The things we know best are the things we play around with. The things I know the least well are those where I only learned the happy-path through some training procedure. I learned to read and speak and cook breakfast and ride a bike and program and everything else mainly by trying and failing.
(The bicycle is actually an interesting case, because we try to teach the happy-path with training wheels, though this essentially inverts the controls we're trying to learn. It's a confidence-builder, not a skill-builder.)
Last year I took a class to learn a new skill. The teacher was great: he was enthusiastic, and after each teaching point he got us to try it by saying "Now let's go screw it up and learn!" We spent a lot more time screwing it up than being lectured, thankfully.
I don't know much about "Codecademy", but based on this I would say it's not really going to help most people, but not because of these minor usability gripes. The goal shouldn't be to create an 'intuitive tutorial'. You're trying to teach people a new way of thinking. The goal should be to provide an environment where the essence (type something, get result) is completely obvious, and where more information is always available upon request, and where they are encouraged to play around. What I'm seeing is an environment where there's a right and a wrong. It makes programming look like a 1980's MS-DOS adventure game but harder.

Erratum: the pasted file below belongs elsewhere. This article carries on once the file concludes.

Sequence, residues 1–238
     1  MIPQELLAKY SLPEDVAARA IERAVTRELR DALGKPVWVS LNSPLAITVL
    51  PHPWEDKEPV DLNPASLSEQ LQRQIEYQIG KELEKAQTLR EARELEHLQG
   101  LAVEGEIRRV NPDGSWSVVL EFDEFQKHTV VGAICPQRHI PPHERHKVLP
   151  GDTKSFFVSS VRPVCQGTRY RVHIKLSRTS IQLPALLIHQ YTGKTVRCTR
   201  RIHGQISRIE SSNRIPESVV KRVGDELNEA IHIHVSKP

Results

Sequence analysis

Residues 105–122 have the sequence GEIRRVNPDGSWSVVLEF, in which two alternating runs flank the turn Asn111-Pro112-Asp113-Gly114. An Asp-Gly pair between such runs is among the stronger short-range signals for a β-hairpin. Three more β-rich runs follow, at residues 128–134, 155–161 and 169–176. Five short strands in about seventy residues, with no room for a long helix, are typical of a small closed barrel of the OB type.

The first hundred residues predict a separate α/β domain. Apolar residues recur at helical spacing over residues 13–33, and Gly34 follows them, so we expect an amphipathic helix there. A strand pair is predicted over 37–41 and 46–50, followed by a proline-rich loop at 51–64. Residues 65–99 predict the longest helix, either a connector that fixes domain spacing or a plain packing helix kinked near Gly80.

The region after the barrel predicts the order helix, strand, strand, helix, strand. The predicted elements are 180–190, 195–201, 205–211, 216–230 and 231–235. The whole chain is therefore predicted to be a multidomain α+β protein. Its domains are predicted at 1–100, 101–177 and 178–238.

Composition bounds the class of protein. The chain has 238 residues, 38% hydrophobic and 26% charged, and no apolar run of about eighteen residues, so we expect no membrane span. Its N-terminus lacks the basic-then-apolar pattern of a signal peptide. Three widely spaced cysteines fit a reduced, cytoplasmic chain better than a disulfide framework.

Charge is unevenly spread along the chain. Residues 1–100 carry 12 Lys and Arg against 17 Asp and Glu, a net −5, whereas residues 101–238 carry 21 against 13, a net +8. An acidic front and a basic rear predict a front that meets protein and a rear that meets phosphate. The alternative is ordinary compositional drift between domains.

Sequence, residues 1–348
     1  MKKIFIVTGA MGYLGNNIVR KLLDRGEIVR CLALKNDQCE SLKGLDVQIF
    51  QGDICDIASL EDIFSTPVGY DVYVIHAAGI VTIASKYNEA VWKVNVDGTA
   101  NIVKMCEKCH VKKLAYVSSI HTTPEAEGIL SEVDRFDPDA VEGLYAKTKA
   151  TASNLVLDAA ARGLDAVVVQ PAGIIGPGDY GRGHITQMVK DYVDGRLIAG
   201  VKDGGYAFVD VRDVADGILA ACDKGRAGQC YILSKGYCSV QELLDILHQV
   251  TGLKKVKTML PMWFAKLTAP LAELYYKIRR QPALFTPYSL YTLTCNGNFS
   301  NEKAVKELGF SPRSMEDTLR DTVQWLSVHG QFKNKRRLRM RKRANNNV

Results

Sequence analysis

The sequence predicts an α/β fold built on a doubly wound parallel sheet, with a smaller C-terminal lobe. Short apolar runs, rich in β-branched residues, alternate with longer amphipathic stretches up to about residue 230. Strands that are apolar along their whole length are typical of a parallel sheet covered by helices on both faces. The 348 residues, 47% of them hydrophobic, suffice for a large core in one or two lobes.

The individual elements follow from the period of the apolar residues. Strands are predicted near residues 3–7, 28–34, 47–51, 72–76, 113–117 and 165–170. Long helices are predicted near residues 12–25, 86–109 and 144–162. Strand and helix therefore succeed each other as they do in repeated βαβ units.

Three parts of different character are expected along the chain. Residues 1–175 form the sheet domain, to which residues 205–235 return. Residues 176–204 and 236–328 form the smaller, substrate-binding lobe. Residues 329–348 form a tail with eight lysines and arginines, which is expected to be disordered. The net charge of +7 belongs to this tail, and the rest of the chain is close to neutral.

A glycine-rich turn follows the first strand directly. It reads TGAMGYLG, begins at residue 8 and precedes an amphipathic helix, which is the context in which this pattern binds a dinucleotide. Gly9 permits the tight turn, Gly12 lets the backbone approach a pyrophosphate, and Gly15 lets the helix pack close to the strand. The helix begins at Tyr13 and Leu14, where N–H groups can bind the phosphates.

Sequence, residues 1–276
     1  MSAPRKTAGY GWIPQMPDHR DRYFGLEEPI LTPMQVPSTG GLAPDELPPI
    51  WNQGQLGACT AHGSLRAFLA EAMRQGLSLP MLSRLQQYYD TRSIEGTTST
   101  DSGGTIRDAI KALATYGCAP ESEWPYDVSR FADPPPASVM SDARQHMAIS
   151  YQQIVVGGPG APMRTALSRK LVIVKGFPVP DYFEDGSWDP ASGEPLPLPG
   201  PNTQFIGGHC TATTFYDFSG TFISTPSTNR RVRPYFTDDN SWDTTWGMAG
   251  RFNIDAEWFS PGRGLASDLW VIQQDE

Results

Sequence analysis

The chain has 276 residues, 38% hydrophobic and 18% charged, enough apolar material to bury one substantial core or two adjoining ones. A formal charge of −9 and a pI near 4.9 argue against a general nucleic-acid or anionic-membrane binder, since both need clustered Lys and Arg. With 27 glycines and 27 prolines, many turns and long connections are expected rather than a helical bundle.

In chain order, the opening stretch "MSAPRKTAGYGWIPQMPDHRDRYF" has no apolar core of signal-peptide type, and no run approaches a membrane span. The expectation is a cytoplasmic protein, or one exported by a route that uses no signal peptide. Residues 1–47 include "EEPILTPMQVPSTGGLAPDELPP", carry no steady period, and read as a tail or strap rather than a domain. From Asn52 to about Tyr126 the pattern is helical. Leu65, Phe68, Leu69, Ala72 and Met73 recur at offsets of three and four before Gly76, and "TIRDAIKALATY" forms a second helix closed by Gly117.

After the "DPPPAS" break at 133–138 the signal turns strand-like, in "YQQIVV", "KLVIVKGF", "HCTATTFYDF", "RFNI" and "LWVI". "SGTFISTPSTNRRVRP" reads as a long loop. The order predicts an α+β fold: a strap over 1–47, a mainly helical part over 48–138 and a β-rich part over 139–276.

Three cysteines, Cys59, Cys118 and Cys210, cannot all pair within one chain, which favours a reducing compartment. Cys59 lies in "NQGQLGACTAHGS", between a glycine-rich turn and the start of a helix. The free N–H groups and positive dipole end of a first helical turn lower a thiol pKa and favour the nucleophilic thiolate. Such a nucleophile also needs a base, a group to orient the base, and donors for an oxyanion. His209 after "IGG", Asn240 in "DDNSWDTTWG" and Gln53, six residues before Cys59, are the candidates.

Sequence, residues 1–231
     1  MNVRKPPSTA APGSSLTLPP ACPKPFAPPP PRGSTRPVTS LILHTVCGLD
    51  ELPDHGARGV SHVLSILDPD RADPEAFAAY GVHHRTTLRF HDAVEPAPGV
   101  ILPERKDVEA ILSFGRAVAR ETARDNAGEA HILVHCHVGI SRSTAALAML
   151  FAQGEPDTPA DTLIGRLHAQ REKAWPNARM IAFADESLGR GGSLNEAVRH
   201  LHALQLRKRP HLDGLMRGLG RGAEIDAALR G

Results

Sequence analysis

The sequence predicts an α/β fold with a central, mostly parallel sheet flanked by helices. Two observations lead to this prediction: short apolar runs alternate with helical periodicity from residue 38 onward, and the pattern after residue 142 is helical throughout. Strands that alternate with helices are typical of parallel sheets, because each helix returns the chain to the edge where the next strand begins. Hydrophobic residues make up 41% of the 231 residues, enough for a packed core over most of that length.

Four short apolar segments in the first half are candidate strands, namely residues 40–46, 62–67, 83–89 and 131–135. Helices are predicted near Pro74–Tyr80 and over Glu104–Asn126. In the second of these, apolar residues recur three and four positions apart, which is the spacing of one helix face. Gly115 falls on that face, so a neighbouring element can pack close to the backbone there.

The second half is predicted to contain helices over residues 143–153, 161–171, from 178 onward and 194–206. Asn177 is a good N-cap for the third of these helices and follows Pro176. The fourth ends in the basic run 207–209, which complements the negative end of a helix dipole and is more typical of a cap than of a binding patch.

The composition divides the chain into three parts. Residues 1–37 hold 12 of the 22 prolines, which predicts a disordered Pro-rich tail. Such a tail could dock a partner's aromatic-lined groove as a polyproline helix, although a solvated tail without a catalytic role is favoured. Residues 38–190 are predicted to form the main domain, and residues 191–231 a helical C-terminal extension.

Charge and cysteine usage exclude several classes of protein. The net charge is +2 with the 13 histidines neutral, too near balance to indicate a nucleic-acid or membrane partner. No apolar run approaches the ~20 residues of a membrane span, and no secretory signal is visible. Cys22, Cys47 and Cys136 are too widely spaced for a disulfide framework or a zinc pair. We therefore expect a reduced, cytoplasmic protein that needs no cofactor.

Making friendly error messages in the general case is a hard problem, but doing so in a restricted environment where you know the most likely errors that beginners will make (which you can data mine over the long term) is not.
I remember fooling with tiny BASIC etc as a young man. It was weird and wonderful. Nothing worked right; everything was a maze and a puzzle. I wouldn't have missed that for the world.
I think I fixed this problem in my app (iheartpy.com) using AIML. Caution: Still a work in progress.
The whoe thing -
I am a self-taught programmer. And I had been an extensive user of codeacademy myself. I realized this rather serious design flaw early on and tried to do something about it.
Initially, I tried to right my own engine based on JSON but midway I discovered AIML. It suited the task perfectly. So I downloaded pyAIML library . It is surprisingly simple to get started with. I hacked around a bit and got a workable python app.
Finally using pyAIML + regexp, I ended up with a crude engine that takes something like this (in Python):
def foo(param1, param2)
FUNCTION foo PARAMS param1 param2
Then I threw together a minimal UI and got it up and running on App Engine here:
Honestly, this is my first project and looks more like the work of a script-junkie at this point of time. The lessons are not done yet. I wasted a lot of time in trying to optimize my app for App Engine. And now I'm an 18 year-old who has a LOT of exams on his head and this unfinished project. It is kinda disheartening.
Anyway here's the github repo . It is not very neat. Psst.. I added some LOLPython magic as well !
Finally, I made something that is essentially an MVP. I'm new to both design and coding. Plus, I don't think I'm proficient enough in Python to teach people.
In short, I need help. Would be happy enough with some feedback, though. ;)
What it meant was that the application would have access to see your email address i.e. google will disclose the address firstname.lastname@example.org
Unfortunately that's the default minimum permission set granted. I use it to send people a welcome message. Further, I promise not to be evil here:
Thanks for the encouragement!
(Sorry, couldn't resist.)
(I hope you note it's sarcastic)